• Less time consuming because major portions are already covered in GS. This means you will find yourself reading the same topics again. Repeated reading will help increase retention of key terms and concepts.
  • While most subjects of the exam are interconnected, none enjoys the commanding position of geography. You will find that it is related to Environment, International Relations, Current Affairs, Ecology and even Economics to some extent.
  • Interesting to read and very scoring. There is never a dull moment when studying for geography. It is fairly easy to understand and aspirants from Science as well as Humanities backgrounds will be able to comprehend it comfortably. Also, it is very scoring given its largely technical nature.


  • There is a great stress on models and theories in the Mains Paper, especially the lesser known ones. This means you cannot afford to leave out even the seemingly unimportant theories, leading to increased study hours.
  • In Paper II, there is an emphasis on regional planning and contemporary issues. This makes the paper very dynamic and hugely increases its scope. So the tough part here is not so much the content but rather the vastness of it.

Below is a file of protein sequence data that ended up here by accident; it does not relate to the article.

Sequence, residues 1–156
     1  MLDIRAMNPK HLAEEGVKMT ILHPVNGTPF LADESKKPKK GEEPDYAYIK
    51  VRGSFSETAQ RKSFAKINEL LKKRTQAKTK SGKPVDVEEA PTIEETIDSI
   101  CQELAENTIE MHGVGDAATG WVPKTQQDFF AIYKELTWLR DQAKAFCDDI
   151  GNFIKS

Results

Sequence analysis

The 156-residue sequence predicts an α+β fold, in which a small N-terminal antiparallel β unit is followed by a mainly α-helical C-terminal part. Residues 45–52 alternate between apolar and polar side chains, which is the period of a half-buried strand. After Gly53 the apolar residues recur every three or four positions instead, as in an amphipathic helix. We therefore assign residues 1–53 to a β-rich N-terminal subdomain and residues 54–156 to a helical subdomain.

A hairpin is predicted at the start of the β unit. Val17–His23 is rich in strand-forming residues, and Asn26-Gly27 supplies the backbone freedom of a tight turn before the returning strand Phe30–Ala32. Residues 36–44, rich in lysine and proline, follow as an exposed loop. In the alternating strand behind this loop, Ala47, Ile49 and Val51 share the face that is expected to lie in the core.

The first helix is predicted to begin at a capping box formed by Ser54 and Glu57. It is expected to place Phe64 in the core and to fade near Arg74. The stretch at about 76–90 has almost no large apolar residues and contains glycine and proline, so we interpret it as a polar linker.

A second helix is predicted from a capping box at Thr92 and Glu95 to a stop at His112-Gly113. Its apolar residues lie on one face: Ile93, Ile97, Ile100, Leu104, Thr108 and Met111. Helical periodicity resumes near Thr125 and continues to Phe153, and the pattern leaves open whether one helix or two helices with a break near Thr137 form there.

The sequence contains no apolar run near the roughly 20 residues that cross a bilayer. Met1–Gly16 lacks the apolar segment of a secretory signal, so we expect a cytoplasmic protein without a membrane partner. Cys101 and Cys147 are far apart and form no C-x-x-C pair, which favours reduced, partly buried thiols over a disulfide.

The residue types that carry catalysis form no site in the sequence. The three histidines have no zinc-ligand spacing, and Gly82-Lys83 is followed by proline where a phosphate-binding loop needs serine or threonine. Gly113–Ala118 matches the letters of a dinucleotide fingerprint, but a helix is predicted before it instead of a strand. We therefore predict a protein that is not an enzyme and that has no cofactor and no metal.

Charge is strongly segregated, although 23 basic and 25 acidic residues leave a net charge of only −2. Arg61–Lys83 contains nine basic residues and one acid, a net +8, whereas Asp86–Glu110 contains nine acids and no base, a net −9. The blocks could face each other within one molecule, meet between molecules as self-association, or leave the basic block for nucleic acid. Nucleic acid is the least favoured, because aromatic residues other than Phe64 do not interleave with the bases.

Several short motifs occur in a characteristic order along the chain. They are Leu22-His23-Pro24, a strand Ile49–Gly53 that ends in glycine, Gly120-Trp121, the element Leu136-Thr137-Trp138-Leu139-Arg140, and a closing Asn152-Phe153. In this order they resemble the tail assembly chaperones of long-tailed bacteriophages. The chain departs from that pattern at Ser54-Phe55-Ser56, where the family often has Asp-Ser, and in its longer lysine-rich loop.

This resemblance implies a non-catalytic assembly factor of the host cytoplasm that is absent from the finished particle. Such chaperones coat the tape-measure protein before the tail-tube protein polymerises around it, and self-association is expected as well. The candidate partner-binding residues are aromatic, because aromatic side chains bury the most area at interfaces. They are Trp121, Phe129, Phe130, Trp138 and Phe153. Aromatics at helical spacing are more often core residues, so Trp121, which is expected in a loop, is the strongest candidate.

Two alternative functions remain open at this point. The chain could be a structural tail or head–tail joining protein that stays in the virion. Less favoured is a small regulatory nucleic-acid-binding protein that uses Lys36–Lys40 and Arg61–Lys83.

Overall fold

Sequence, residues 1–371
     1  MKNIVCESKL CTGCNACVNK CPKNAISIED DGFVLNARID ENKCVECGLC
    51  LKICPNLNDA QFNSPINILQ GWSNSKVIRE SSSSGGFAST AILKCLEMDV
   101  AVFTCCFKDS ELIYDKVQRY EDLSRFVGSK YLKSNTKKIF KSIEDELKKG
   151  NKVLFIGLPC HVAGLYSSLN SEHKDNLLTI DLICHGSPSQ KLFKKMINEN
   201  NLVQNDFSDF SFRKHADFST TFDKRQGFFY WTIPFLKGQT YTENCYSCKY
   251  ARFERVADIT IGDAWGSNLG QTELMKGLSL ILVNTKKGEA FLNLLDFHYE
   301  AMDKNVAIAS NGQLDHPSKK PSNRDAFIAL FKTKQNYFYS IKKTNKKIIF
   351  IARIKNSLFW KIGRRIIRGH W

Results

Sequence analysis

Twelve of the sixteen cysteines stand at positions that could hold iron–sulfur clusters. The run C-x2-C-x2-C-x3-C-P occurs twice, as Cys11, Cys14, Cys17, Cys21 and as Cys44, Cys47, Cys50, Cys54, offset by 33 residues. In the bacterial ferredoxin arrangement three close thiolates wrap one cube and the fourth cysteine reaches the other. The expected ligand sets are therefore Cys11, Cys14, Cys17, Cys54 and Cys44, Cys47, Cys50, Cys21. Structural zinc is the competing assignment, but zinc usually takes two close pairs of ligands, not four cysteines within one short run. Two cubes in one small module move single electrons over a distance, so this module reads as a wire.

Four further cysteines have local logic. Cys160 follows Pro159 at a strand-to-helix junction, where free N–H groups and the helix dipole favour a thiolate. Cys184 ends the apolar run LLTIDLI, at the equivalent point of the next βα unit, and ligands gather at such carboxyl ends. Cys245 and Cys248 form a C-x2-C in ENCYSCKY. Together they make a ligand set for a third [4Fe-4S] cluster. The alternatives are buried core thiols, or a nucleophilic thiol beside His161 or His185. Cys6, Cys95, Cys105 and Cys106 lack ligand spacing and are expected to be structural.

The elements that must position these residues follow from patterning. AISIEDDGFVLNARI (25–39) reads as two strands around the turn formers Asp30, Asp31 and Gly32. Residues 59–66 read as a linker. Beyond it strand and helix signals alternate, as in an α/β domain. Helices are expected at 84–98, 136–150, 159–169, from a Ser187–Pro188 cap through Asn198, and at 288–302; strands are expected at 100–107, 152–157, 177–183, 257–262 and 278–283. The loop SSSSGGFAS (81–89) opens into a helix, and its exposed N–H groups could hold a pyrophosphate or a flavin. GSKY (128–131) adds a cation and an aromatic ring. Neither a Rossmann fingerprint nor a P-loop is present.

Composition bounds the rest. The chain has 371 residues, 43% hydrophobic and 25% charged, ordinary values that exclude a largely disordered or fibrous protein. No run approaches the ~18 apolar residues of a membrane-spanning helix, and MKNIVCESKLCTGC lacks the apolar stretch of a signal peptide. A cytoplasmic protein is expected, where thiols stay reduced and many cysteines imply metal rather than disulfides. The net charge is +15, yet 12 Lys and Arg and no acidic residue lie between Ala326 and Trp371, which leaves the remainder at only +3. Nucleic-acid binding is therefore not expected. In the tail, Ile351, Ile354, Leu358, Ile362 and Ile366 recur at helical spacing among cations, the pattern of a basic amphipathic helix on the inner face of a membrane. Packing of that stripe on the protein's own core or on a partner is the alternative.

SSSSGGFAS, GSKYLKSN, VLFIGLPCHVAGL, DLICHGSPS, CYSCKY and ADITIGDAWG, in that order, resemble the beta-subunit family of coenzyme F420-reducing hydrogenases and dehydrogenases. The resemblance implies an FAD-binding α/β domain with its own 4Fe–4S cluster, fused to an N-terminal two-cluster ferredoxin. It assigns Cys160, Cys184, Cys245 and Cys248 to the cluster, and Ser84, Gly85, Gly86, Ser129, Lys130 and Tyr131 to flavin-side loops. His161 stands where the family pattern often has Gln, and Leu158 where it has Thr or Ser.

• A deep knowledge of maps is mandatory for this subject. So if the idea of mapping seems an onerous task for you, then you may want to skip the subject.

These were a few non-technical subjects that you can opt for. The only thing to keep in mind is your interest for the subject, because that is the key to performing well.

Written by Akshay Palande
Akshay Palande is a passionate teacher helping hundreds of students in their UPSC preparation. With a degree in Mechanical Engineering and double masters in Public Administration and Economics, he has experience of teaching UPSC aspirants for 5 years. His subject of expertise are Geography, Polity, Economics and Environment and Ecology. Profile

3 Replies to “Top 6 Most Scoring Non-Techincal Optional Subjects In The UPSC Exam”

  1. hi sir
    your topic “Top 6 Most Scoring Non-Techincal Optional Subjects In The UPSC Exam” is very nice for upsc aspirant specially for new comer. It will increase success potential of students.

  2. Hi,
    I am a student of sociology and I am also preparing for the civil services. You have written in your article that science students may find sociology as interesting due to the non-science nature of the subject. I find your remarks contradictory to my understanding of this discipline as a social science. I am curious to know your view about what makes a subject to be regarded as a scientific discipline and non-science discipline? As far a my knowledge serves me, sociology is a science because it is committed to the use of the scientific methodology in understanding human societies. But you seem to consider it as non-science. Please do reply.